Mark 16:15

"Go ye into all the world, and preach the gospel to every creature"

A New Creature (2)

“Therefore if any man be in Christ, he is a new creature: old things have passed away; behold all things are become new” (II Cor. 5:17). In last week’s article, we examined several things required by our becoming new creatures. What is so new about this new creature? Exactly what does it mean when it says, all things have become new? What are these all things? In this article we want to examine some of these “all things” that have become new.
Christians have a new heart. It has been “purified by faith” (Acts 15:9). With this new heart we are to love God and our brethren (Matt. 22:37-39). It is “purified in obeying the truth through the Spirit unto unfeigned love of the brethren.” Therefore Peter urges, “see that ye love one another with a pure heart fervently” (I Pet. 1:22). Instead of having “an evil heart of unbelief (Heb. 3:12) we are to have and maintain this “pure heart.”
Christians also have a new family. Christ said when one leaves “house, or brothers, or sisters, or father, or mother, or wife, or children, or lands, for my sake, and the gospel’s, he shall receive an hundredfold now in this time, houses, and brothers, and sisters, and mothers, and fathers and lands with persecutions” (Mark 10:29-30). When one becomes a “new creature” he inherits a new family. Every member of the church becomes his brother or sister in Christ. Think of how many great aged Christian ladies that become “mothers” to us. It is a new family in which when one member suffers or rejoices, all of the members do the same (I Cor. 12:26). It is a new family from which we can receive support, comfort, and encouragement (Romans 12:15; I Thess. 5:11; Gal. 6:2). What a tremendous support group we have! When someone “speaks evil one of another” (James 4:11), he is speaking evil of my brother or sister; and I don’t appreciate that at all. Neither should you.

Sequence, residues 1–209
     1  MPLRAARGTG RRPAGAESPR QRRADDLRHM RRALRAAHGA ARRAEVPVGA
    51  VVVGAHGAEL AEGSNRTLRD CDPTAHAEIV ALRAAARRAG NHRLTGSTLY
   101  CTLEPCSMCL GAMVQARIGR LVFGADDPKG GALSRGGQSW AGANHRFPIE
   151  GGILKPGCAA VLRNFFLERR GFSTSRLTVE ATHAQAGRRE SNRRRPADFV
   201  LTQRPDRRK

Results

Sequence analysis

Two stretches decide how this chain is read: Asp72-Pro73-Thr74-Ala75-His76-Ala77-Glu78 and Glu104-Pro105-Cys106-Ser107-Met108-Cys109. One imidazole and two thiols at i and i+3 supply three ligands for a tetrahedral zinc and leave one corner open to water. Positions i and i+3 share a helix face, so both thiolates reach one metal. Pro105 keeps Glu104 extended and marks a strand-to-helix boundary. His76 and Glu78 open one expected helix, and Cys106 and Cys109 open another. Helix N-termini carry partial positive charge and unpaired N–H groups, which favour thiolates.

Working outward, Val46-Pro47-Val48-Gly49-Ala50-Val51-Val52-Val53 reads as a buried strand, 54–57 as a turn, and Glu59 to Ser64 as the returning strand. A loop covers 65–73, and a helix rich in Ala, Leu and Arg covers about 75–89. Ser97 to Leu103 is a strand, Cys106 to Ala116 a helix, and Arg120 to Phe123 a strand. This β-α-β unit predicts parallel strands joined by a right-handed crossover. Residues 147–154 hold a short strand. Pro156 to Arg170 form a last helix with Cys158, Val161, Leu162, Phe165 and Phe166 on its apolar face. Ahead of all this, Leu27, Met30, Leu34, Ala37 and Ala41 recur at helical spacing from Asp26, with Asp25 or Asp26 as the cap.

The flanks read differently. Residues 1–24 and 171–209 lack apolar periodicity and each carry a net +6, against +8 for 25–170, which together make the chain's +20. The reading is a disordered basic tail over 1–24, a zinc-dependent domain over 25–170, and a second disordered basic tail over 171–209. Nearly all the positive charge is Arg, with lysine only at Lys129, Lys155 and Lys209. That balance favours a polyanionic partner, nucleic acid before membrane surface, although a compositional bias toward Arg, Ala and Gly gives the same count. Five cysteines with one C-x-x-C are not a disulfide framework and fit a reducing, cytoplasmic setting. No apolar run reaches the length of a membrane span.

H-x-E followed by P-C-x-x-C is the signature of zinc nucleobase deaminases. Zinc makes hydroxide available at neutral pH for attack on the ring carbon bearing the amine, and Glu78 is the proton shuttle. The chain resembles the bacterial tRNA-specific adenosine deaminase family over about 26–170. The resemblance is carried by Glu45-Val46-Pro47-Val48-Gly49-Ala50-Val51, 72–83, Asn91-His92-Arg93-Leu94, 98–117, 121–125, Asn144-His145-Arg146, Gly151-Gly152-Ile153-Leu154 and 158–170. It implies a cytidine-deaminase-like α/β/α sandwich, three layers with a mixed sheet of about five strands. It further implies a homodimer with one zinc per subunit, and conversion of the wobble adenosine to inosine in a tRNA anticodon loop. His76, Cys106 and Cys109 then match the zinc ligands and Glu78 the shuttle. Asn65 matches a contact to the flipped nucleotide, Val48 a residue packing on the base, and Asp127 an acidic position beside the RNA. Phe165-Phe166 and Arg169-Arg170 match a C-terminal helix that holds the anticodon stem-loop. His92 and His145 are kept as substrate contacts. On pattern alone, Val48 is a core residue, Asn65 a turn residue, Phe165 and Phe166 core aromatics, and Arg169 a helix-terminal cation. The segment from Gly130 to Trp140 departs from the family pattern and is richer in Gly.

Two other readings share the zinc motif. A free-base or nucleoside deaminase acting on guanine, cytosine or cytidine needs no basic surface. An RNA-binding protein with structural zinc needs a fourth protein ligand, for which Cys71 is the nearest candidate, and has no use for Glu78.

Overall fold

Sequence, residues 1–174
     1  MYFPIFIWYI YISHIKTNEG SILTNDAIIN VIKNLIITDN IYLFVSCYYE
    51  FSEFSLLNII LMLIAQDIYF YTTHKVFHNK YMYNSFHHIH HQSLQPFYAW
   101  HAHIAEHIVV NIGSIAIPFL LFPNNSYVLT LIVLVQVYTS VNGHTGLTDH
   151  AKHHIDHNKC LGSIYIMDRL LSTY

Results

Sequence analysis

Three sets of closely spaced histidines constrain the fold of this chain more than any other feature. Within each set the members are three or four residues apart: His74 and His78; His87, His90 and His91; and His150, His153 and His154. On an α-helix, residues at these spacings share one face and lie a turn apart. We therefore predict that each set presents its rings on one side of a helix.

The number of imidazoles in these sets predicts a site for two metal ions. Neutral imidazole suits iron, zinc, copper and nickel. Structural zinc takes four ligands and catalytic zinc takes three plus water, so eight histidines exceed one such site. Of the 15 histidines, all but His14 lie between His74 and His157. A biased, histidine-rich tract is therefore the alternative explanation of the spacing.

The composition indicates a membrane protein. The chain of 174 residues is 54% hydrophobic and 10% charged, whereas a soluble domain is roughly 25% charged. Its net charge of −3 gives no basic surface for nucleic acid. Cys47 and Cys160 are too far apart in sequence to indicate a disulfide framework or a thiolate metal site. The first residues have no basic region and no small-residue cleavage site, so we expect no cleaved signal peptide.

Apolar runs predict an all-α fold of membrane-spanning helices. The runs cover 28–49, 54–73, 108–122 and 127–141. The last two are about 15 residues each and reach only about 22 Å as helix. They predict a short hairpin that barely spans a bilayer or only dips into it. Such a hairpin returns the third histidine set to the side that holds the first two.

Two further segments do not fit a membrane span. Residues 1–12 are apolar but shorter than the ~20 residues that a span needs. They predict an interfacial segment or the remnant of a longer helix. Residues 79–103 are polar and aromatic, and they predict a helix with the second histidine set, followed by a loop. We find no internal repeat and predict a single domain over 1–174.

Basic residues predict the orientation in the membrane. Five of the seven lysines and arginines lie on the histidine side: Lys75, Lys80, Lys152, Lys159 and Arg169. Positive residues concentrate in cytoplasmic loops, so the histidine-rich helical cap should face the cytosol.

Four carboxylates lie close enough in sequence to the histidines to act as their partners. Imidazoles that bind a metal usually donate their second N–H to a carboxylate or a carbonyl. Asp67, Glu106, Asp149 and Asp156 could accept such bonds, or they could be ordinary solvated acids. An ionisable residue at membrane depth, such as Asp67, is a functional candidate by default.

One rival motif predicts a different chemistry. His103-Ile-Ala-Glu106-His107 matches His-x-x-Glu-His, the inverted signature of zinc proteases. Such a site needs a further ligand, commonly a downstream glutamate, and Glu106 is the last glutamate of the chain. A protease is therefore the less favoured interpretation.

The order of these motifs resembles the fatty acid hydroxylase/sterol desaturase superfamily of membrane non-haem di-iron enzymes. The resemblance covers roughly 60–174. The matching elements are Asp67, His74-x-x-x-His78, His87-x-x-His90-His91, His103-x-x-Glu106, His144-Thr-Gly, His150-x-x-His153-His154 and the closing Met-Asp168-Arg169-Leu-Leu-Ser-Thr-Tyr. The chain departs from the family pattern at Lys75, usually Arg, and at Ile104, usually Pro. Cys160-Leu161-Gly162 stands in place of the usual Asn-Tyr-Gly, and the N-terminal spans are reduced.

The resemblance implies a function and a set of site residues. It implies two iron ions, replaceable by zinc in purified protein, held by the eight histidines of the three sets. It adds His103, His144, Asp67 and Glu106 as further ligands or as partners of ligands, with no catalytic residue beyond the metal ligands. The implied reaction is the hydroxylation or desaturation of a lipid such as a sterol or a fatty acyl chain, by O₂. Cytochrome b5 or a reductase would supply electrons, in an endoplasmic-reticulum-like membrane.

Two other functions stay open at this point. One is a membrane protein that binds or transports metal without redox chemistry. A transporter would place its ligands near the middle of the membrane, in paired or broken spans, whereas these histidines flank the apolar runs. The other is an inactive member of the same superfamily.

Christians have a new master to serve. Before becoming a “new creature” we “were servants of sin.” Sin, Satan, and unrighteousness were our master. We were slaves to it. But once we “obey from the heart that form of doctrine” we are “then made free from sin,” and we “become servants of” (Rom. 6:17-18). Paul informs us, “Know ye not, that to whom ye yield yourselves servants to obey, his servants ye are to whom ye obey; whether of sin unto death, or of obedience unto righteousness (Rom. 6:16)? Our new master is “Lord of lords, and King of kings” (Rev. 17:14; I Tim. 6:15). What a change! Quite a difference from the “god of this world” (II Cor. 4:4).
This “new creature” also has new eyes. With these new eyes he can now see fields “that are white unto harvest” (John 4:35). These eyes are no longer blinded by the god of this world (II Cor. 4:3-4). Nor are they “darkened, being alienated from the life of God through the ignorance that is in them, because of the blindness of their heart” (Eph. 4:17). They are eyes that are not “dull of hearing;” nor are they “closed” due to prejudice (Matt. 13:15). We are to maintain these new eyes by “giving diligence to make our calling and election sure” (II Pet. 1:10). We do this by supplying the Christian traits named in II Peter 1:5-7 as we build the Christian life. We are promised, “If these things be in you and abound, they make you that ye shall neither be barren nor unfruitful in the knowledge of our Lord Jesus Christ.” This promise is followed by the warning, “But he that lacketh these things is blind, and cannot see afar off, and hath forgotten that he was purged from his old sins” (II Pet. 1:8-9). Take care of these new eyes. Never take them off of Christ (Heb. 12:2). By all means, never “look back” (Luke 9:62).

Paul M. Wilmoth